Abuse allegations again cloud Michael Jackson’s legacy


Few music-lovers would deny that the late Michael Jackson is one of the key figures in the history of pop, but doubts have once again been cast on his legacy due to his alleged sexual abuse of minors, as dealt with in the recent documentary “Leaving Neverland.”

The presumed crimes for years have cast the biggest shadow over the biography of the singer, the 10-year anniversary of whose death from a medication overdose will be commemorated in June.

The Jackson family and the fans of the “King of Pop” have always emphasized that he was never convicted of any such crimes, and in fact he was acquitted in 2005 in his trial for allegedly having abused a young boy while 11 years earlier he had reached an out-of-court economic settlement with the family of another boy who had accused him of similar conduct.


However, the screening of “Leaving Neverland” has dealt a harsh blow to the singer’s image that could change his legend forever.

The controversial film was screened first in January at the Sundance Film Festival, with the organizers of the event revealing at the last minute that the documentary directed by Dan Reed would be on the agenda.

The festival’s synopsis of the film on its Web site gave a hint of the storm of controversy that would surround Reed’s work:

“As one of the world’s most celebrated icons, Michael Jackson represents many things to many people-a pop star, a humanitarian, a beloved idol. When allegations of sexual abuse by Jackson involving young boys surfaced in 1993, many found it hard to believe that the King of Pop could be guilty of such unspeakable acts,” the Sundance festival said.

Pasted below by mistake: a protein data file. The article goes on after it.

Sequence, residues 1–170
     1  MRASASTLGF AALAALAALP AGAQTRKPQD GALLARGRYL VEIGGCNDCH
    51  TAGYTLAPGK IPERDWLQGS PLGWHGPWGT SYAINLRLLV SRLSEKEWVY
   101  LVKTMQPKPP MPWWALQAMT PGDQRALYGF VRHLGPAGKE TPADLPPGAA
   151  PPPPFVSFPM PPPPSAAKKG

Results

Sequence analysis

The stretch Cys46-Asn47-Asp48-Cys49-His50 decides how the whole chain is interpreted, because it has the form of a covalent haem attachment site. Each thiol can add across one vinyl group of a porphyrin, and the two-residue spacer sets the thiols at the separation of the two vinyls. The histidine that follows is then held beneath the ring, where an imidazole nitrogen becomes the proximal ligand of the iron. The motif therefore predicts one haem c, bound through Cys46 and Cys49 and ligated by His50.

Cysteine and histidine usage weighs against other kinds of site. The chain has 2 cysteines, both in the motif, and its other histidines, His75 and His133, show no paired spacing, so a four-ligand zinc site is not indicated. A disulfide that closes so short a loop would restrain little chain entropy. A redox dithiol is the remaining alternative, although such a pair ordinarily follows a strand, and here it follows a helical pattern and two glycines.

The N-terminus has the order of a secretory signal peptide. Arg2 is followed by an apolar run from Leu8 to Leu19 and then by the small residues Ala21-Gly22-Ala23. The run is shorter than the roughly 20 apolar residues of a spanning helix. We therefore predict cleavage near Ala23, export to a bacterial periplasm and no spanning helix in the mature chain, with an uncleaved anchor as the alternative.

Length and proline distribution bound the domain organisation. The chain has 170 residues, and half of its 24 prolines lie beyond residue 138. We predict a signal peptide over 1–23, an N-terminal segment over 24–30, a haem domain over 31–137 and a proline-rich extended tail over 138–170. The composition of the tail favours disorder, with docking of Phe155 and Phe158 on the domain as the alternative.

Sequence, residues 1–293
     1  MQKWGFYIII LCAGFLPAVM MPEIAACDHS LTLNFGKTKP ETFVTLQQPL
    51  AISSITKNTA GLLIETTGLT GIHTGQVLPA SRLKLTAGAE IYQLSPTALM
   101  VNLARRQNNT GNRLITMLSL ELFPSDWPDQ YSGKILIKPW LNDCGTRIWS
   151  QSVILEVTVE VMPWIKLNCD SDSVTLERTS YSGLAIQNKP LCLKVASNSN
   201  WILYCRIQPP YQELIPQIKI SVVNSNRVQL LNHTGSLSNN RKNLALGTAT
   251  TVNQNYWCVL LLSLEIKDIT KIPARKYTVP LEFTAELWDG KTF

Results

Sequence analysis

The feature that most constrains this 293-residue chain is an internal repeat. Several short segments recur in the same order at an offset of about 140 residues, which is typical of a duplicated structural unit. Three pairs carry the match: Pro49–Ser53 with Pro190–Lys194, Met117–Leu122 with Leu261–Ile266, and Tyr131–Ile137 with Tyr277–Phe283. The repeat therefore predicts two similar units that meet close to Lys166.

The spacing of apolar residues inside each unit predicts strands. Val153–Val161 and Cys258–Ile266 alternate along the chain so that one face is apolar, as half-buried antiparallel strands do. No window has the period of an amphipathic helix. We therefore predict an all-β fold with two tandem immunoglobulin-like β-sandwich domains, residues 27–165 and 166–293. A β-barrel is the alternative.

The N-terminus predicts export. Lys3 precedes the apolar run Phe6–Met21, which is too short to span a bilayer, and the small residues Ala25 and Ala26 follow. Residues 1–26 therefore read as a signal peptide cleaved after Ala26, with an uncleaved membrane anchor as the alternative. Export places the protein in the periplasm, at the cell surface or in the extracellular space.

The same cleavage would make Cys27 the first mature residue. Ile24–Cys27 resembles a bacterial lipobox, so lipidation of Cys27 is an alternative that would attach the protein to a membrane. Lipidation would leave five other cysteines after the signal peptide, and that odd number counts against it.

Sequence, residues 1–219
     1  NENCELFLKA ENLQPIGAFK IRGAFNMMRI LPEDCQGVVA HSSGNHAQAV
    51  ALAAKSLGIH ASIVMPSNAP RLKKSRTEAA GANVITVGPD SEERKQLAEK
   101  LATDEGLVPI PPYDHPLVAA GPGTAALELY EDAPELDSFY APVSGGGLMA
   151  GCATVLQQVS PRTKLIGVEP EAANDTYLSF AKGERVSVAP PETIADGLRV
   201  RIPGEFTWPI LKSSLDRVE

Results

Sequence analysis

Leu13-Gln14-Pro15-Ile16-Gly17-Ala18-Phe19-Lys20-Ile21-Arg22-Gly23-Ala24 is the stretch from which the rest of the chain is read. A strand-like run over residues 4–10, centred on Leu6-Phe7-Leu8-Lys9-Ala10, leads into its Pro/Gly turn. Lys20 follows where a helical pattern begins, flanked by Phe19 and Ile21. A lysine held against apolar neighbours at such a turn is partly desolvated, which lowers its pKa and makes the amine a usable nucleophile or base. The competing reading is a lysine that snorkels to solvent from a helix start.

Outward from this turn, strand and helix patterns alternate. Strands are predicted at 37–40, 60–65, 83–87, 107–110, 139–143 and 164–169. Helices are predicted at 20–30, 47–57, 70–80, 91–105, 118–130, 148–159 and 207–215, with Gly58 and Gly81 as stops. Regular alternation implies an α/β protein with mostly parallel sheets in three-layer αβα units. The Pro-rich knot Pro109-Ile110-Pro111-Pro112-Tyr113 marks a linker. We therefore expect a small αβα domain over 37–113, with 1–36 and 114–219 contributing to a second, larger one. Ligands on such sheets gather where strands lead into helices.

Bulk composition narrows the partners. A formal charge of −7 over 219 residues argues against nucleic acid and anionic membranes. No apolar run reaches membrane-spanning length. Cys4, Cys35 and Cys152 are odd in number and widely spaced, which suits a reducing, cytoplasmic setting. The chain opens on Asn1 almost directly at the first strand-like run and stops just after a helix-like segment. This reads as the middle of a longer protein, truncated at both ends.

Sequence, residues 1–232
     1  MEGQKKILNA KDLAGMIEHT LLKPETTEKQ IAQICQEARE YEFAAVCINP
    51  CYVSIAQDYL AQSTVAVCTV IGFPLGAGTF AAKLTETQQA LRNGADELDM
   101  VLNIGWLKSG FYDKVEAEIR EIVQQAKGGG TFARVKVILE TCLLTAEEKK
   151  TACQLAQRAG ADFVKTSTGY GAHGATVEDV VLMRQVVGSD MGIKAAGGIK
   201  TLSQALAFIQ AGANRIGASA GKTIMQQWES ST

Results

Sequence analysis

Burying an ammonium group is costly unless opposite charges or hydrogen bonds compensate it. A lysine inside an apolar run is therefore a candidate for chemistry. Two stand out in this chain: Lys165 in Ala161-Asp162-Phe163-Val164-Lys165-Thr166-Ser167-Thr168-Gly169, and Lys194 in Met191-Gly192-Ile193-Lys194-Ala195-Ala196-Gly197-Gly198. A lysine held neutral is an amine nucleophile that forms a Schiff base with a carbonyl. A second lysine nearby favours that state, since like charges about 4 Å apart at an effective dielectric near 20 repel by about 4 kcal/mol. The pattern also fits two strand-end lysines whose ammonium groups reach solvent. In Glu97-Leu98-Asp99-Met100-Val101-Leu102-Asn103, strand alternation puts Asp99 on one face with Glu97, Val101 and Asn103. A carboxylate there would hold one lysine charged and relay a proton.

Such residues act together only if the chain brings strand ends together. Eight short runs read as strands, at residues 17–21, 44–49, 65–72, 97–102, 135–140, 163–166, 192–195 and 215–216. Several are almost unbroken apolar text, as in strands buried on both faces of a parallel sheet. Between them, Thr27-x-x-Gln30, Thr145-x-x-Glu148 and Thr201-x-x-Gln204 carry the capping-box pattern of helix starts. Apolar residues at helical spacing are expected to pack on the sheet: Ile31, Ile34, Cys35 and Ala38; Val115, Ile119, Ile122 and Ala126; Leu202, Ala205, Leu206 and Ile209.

“In separate but parallel stories that echo one another, two boys were each befriended by Jackson, who invited them into his singular and wondrous world. Seduced by the singer’s fairy-tale existence and enthralled by their relationship with him, both boys’ families were blind to the manipulation and abuse that he would ultimately subject them to,” it continued.

Jackson’s heirs reacted immediately, saying, in a statement of their own: “The creators of this film were not interested in the truth. They never interviewed a single solitary soul who knew Michael except the two perjurers and their families. That is not journalism, and it’s not fair, yet the media are perpetuating these stories.”

“But the truth is on our side. Go do your research about these opportunists. The facts don’t lie, people do. Michael Jackson was and always will be 100% innocent of these false allegations,” they added.

They went on to say that the “so-called” documentary is “just a reissue of old, unfounded allegations, and it would be surprising if any real director worthy of the name was involved in such a project.”

People who attended the Sundance screening of the four-hour documentary said that it was an explosive film, with very detailed discussion of the abuse of two young boys, ages 7 and 10 at the time, allegedly committed by Jackson.

The general public was able to view the film for the first time last week, when HBO, which produced the documentary along with Channel 4, broadcast it on cable television.

“Leaving Neverland” provides the detailed testimonials of Wade Robson and James Safechuck, who have claimed to be victims of Jackson when they were young boys.

The controversy surrounding “Leaving Neverland” continues to swirl, especially on the social networks, where defenders and critics of Jackson are still facing off.

A few days before the HBO broadcast, the Jackson family sued the network.

According to Forbes magazine, in 2018 Jackson was the deceased artist who brought in the most revenue for his heirs - some $400 million in that year alone.